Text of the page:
Better and Secure Deployment Process to AWS with Bitbucket

blank
Share via:

AWS stands as the cornerstone of modern digital infrastructure, offering unparalleled scalability, flexibility, and innovation to businesses across the globe. Today, it’s hard to imagine achieving custom software development services with this level of scalability, flexibility, and innovation without CI/CD. Automating all deployment processes helps us do that faster and avoid costly human errors.

Before you start

Let’s define the scope of tools mentioned in the blog post. First of all, we should enter Atlassian’s Bitbucket: a potent GIT DevOps solution that streamlines deployment workflows and bolsters security measures being focused on professional development teams. However, in this particular case, we are more interested in Bitbucket Pipeline (AWS).

Bitbucket Pipelines is a continuous integration and continuous delivery (CI/CD) solution provided by the Bitbucket platform. It allows developers to automate their code’s build, test, and deployment processes directly with the Bitbucket repository. With Bitbucket CI/CD AWS integration, you can seamlessly deploy your infrastructure and applications to the AWS cloud. Bitbucket pipelines for AWS integration streamline the deployment process, making it efficient and reliable.

Another thing that will be mentioned in the article is OIDC. OIDC is a secure way for apps to obtain user information from a verification service while ensuring data protection. 

OpenID Connect was originally created as an amateur-level OAuth authorization mechanism that allowed users to use a single account for authentication on a variety of Internet resources unrelated to each other. It shares common elements with OAuth, like client_id, client_secret, and redirect_uri, stored in the access control system to safeguard data transfer from users to apps and prevent theft of client_id.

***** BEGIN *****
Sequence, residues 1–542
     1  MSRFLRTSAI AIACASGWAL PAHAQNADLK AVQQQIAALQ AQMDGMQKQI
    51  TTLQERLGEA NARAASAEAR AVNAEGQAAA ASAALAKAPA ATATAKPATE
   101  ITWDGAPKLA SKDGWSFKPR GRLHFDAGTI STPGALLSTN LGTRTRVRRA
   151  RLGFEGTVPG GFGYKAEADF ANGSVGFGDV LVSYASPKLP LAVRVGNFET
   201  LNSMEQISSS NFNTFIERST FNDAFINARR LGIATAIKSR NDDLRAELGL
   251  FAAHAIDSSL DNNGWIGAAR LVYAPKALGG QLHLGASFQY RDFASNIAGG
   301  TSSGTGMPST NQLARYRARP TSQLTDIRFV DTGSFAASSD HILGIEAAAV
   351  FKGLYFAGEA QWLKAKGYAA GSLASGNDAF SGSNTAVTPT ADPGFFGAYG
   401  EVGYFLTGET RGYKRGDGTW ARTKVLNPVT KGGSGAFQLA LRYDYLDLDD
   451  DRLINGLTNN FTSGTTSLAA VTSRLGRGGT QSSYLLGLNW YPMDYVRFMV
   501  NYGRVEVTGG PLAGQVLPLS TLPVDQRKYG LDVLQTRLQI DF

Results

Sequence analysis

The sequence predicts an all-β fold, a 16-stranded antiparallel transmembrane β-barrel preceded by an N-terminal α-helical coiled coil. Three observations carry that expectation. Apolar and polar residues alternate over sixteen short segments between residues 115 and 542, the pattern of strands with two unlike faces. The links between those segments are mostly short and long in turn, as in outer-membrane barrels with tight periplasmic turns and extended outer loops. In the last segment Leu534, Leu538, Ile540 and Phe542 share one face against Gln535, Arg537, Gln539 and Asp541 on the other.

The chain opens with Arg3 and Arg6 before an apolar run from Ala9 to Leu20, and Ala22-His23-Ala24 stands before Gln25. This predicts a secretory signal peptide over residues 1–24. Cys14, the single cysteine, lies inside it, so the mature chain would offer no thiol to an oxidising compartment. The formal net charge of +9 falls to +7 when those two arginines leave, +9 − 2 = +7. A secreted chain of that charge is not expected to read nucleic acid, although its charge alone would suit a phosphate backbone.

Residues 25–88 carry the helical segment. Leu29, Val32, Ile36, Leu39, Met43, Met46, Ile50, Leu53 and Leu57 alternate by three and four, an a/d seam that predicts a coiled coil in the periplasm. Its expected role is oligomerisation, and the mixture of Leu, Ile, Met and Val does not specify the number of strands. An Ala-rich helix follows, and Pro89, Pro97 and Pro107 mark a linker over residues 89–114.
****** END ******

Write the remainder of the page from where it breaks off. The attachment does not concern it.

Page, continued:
Overview of deploying AWS with Bitbucket

If we want to deploy an application to AWS, Bitbucket allows us to create security credentials (programmatic access keys) and pass them to the deployment pipeline via repository variables. This kind of deployment process is suitable for small projects rather than for well-established ones. However, there are several problems with these keys:

  • You should keep them safely;
  • You should regularly rotate them;
  • You should ensure they didn’t expose accidentally.

In such cases, OpenID Connect (OIDC) comes to our rescue. Although most developers who face the need to deploy to AWS with Bitbucket use the secret access key, OIDC can help us avoid using keys and significantly simplify future deployments.

In this topic, we will provide a simple guide on creating a primary OIDC connection to the AWS account and implementing it in deployment.

Deploying process to AWS with Bitbucket

In contrast to the method of deploying the React app on AWS we described earlier, deploying your application involves setting up a CI/CD pipeline for Bitbucket. If you don’t have one yet, you should create it; an OIDC connection will be available after that. When setting up a secure deployment process to AWS with OIDC and Bitbucket, it’s essential to establish a well-defined pipeline for deployment. However, creating a new pipeline, like activating the AWS BitBucket pipelines, is a separate issue. In this overview, we will focus on the approach to the deployment processes.

Bitbucket OpenID Connect

OpenID Connect is an authentication protocol that allows Bitbucket to delegate the authentication process to an OIDC identity provider, such as Okta, Auth0, or Keycloak.

First of all, you should log in to your Bitbucket account with administrative privileges. Then, in the repository, we should go to Repository settings > OpenID Connect.

Bitbicket OpenID Connect entrance